From our readers
Letter to Editor:
I would like to thank everyone who attended the Peshtigo Blood Drive at Faith Baptist Church in Peshtigo on June 10.
Thank you to the American Red Cross staff, Peshtigo Womans Club members who baked and volunteered their time, and Faith Baptist Church members, especially Leslie Liesch and Red Thompson. Also, thanks to Culligan for the donation of water and to all the businesses who allowed us to put up signs and for supporting this very important event. We had two first-time donors and four volunteers who gave double units. We made over our goal and collected 30 units!
The next Peshtigo Womans Club sponsored blood drive is in December.
I would like to compliment all the people involved in the Breakfast on the Farm committee who worked so hard to make the annual event a huge success. I would especially like to thank Kevin and Kathie Carlson for hosting the event. This was the second breakfast I have attended. I was amazed at how the volunteers all worked together and were so pleasant to all those who attended. As a former chef, I understand the time and effort it takes to make an event like that so successful.
Being 89 years old, it was heartwarming to see the young people who transported many of the elderly - they were so polite and welcoming. I couldnt ask for a nicer group of people. The food and friendship was absolutely excellent. I was born and raised on a farm and I truly appreciate the hard work and dedication that goes into farming today.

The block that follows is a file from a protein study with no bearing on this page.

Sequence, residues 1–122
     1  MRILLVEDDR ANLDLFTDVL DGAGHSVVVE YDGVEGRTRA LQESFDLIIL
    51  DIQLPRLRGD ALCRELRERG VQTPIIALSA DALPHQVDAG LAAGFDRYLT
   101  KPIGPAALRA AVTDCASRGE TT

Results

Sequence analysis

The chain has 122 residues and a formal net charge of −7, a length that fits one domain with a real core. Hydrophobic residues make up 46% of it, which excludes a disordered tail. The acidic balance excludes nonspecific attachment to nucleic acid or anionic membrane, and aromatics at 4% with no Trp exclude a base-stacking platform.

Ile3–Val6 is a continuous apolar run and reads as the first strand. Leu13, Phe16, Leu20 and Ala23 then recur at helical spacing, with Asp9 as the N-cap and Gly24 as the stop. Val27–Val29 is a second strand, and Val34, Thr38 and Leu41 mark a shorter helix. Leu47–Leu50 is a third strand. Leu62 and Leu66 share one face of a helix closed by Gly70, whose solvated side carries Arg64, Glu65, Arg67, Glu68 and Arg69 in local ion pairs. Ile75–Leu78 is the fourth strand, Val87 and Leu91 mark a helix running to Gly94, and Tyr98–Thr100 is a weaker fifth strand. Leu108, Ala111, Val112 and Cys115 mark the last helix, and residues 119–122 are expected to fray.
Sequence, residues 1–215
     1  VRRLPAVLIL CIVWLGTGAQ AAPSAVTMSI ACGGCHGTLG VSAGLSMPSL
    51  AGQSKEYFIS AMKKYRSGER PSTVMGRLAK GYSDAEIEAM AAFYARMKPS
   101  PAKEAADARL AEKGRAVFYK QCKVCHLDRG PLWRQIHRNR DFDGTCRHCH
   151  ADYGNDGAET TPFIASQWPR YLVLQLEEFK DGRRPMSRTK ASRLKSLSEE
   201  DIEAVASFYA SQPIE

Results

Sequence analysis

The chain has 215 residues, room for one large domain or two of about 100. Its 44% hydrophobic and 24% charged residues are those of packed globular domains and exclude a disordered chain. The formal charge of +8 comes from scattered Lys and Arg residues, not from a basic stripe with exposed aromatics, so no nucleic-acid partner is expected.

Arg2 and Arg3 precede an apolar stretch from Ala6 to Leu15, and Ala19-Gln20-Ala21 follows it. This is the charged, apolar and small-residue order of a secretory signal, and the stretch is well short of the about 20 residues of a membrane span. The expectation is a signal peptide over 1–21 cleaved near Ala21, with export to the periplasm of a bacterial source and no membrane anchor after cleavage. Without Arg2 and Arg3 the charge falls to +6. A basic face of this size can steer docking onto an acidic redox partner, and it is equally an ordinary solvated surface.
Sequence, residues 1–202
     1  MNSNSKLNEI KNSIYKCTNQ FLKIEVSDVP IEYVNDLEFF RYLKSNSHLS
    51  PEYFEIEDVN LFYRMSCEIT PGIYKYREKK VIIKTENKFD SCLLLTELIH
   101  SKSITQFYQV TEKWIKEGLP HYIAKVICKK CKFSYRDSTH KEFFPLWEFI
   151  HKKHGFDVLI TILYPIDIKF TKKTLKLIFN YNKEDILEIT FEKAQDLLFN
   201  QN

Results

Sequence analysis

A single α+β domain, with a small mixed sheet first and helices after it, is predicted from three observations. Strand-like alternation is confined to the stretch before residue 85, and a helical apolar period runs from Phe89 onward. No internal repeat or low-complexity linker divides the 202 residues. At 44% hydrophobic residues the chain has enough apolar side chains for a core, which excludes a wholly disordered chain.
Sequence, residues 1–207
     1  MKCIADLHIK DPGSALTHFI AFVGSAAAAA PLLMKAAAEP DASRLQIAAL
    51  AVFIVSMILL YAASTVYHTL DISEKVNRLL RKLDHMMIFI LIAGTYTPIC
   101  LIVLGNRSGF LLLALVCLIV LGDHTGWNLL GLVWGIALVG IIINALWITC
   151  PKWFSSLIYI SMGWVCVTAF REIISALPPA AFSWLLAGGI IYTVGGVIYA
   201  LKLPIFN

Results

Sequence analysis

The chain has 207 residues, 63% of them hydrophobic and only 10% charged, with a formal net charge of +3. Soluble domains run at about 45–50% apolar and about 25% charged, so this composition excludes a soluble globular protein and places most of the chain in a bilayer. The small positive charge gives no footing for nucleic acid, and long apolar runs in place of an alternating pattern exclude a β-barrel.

I am already looking forward to next years breakfast and I encourage everyone to take advantage of the wonderful event. Hats off to all our farmers, they truly are the backbone of America.
Felix (Phil) Orlando,
To the Editor:
Are our US House Representatives Independent?
I ask this partially because the previous Representatives for the UP and Northern Wisconsin were. I did not always agree with them but they seem to have their own mind. I wondered if that was true for both Representative Ribble and Representative Benishek. To check this out I reviewed the voting records of both Representatives for the 112th Congress on major legislation. The first thing I noticed was that both voted exactly the same, and both never voted against their leadership. This suggests that the people representing Ohio, California, Virginia, and Southern Wisconsin have always done what is good for us. I find that a hard thing to believe.